Company responsible for council house repairs in Milton Keynes lost £15m last year
But housing maintenance contractor Mears forecasts a return to 'strong profit' this year.
The company that carries out repairs and improvements to council homes all over MK is forecasting a return to profit this year after making a £15m pre-tax loss during 2020.
During the year of lockdown, housing maintenance contractor Mears saw its group revenue decrease by 9% down to £806m, while maintenance revenue slipped 19% to £537m.
The firm reported a pre-tax loss of £15m last year after group revenue slid 9% to £806m with maintenance-led revenues of down 19% to £537m.
Over the past year, Mears has won a three-year contract extension with Milton Keynes Council to provide services worth around £40m a year.
This year the Mears board hopes to see revenue of £800m and a pre-tax profit of £25m, it has been reported.
Mears chief executive officer David Miles said: “Even with the potential post-Covid economic challenges, housing is a sector that will be invested in to support economic recovery and indeed to meet longer term challenges, such as those posed by climate change. There is clear opportunity to grow both our maintenance-led and management-led work and indeed we see an increasing number of opportunities that will integrate all of our services."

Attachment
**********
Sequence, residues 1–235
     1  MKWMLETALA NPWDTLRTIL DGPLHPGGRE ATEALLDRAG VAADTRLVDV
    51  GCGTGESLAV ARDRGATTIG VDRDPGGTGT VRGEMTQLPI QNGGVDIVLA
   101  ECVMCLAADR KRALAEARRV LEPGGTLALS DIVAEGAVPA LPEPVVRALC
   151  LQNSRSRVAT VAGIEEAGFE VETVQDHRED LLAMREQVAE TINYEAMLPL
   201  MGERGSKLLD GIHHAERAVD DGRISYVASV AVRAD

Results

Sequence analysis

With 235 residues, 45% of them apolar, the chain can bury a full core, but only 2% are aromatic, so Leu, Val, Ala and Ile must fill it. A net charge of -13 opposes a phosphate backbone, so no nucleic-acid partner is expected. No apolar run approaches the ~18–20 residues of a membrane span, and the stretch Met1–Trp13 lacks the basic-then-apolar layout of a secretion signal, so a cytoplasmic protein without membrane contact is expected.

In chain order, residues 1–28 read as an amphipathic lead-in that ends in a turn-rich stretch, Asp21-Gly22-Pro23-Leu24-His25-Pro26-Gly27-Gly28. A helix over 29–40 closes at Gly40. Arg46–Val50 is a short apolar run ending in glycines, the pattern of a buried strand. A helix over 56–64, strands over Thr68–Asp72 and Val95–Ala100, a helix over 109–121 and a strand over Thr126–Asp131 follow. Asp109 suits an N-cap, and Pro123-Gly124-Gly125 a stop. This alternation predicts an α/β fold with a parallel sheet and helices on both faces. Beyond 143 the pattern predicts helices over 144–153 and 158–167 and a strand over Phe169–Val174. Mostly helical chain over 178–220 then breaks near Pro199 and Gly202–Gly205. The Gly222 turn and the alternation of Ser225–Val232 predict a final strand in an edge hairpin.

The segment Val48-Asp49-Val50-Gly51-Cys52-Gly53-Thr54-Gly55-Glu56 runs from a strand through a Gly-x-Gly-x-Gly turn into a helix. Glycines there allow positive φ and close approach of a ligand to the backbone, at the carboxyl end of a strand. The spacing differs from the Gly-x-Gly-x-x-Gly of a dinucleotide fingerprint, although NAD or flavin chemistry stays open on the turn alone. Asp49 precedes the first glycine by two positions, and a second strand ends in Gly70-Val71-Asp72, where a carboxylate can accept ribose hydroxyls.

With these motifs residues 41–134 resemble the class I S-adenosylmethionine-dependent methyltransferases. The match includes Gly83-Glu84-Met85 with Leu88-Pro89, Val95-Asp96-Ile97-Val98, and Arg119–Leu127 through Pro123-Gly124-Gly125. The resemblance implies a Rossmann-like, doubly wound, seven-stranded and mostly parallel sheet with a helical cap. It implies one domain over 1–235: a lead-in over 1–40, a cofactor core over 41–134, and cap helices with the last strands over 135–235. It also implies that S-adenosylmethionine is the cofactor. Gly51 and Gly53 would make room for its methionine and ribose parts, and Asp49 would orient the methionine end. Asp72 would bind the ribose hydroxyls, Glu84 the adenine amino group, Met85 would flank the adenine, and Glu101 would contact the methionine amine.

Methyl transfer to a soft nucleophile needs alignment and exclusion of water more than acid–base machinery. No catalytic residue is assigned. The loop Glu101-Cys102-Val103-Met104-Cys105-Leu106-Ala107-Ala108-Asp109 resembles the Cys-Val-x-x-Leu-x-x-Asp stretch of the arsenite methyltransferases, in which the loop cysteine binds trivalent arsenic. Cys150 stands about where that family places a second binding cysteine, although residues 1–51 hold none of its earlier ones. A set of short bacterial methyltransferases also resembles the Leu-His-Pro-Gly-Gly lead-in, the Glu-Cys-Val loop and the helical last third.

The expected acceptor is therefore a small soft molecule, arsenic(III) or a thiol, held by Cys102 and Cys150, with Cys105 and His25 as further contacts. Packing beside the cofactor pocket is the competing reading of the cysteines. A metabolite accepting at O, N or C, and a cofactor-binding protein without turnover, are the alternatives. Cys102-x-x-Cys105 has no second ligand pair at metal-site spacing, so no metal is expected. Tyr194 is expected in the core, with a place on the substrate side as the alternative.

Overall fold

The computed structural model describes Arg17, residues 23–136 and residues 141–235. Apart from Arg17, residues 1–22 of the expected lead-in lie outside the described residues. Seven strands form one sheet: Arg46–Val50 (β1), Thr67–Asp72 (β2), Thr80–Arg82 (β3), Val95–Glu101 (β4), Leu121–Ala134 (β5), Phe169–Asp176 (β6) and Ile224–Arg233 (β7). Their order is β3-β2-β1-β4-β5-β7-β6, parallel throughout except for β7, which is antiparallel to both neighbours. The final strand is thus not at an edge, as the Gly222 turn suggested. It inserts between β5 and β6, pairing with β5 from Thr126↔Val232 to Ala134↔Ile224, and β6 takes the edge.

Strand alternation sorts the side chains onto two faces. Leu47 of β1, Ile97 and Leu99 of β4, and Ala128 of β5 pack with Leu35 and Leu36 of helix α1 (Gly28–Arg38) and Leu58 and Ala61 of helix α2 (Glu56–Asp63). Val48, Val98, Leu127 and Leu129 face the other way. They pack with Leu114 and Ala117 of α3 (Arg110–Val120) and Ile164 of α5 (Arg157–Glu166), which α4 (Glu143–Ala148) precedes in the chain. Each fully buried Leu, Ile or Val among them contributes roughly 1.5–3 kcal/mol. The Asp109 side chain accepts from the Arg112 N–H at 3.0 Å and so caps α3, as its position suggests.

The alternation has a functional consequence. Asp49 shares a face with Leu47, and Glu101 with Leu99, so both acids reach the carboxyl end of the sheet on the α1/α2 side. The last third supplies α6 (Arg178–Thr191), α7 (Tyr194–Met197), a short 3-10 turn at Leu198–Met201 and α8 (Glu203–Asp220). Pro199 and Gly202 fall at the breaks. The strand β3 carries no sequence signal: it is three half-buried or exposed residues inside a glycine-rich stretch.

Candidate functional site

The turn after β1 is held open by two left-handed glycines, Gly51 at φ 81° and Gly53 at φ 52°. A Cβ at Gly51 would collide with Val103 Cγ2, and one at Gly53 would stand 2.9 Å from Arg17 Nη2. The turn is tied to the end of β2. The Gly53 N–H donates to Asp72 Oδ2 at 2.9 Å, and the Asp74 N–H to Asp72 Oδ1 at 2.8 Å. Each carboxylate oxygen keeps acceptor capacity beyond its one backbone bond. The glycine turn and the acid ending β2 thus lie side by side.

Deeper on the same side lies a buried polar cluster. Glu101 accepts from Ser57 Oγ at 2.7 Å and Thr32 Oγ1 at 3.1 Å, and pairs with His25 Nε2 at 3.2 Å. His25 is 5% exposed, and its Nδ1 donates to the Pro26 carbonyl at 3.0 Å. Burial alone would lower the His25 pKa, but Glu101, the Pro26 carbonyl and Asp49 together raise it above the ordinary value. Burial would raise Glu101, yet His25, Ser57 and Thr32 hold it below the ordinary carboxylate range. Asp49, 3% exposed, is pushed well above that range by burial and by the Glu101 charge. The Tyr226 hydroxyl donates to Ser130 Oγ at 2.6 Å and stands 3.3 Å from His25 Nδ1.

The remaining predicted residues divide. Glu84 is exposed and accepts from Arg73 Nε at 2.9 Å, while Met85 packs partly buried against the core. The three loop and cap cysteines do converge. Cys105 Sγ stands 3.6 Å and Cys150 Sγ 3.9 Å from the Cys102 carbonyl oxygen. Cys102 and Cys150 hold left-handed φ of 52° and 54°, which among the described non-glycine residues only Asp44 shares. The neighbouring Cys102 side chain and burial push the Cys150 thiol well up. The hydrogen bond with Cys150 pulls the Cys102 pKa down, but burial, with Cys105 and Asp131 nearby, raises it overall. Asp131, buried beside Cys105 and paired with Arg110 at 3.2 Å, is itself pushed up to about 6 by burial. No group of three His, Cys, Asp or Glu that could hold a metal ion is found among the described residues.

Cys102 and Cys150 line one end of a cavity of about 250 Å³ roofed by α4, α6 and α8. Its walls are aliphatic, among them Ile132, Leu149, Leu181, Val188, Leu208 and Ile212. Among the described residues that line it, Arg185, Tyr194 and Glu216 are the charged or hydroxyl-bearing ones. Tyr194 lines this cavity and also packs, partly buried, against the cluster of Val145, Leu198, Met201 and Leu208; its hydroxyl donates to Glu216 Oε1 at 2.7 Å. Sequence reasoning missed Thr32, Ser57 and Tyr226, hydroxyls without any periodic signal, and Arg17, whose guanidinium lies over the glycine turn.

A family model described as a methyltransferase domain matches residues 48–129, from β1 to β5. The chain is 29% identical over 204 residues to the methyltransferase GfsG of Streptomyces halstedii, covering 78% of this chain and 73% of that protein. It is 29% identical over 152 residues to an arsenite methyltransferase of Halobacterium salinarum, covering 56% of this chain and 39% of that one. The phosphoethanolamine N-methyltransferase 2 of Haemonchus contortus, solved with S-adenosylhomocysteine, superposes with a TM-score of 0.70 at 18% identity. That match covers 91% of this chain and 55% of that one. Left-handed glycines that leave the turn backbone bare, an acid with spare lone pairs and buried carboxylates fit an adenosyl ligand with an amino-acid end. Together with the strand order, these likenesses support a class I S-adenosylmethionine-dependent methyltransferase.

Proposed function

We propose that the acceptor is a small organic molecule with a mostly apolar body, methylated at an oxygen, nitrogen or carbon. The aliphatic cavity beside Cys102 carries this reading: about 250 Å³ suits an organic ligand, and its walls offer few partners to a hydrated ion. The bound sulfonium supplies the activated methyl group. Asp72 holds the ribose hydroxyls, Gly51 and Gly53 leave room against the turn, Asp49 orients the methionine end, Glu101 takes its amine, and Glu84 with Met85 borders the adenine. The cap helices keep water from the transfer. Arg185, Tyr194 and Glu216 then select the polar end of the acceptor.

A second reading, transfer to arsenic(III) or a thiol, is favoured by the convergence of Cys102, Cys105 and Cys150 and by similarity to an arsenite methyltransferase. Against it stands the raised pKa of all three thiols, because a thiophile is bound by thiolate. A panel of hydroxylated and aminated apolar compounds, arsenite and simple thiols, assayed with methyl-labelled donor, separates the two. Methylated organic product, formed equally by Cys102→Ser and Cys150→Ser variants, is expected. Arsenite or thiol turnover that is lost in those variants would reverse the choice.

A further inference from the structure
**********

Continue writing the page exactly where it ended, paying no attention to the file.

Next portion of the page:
Mr Miles said Mears looks after more homes than any other organisation across local and central government.
“We have clear leadership in the maintenance market with 20% share of outsourced contracts and a long-standing reputation for service quality, technology, workforce management and social value," he said.
Mears continued to provide a 24/7 service in Mk during lockdown to ensure homes remained safe, secure and had appropriate power, lighting, heating and hot water.
After the first lockdown started last March, the contractor responded to an average of over 50 emergency or essential repairs requests per day – around one job every ten minutes.
MK Council has continuing to deal with all housing queries during the pandemic, but has prioritised essential repairs for its most vulnerable tenants.